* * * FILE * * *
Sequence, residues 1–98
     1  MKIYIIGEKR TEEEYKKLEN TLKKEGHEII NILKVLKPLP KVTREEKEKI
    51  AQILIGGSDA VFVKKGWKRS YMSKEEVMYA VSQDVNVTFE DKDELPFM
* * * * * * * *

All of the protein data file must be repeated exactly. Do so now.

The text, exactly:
Sequence, residues 1–98
     1  MKIYIIGEKR TEEEYKKLEN TLKKEGHEII NILKVLKPLP KVTREEKEKI
    51  AQILIGGSDA VFVKKGWKRS YMSKEEVMYA VSQDVNVTFE DKDELPFM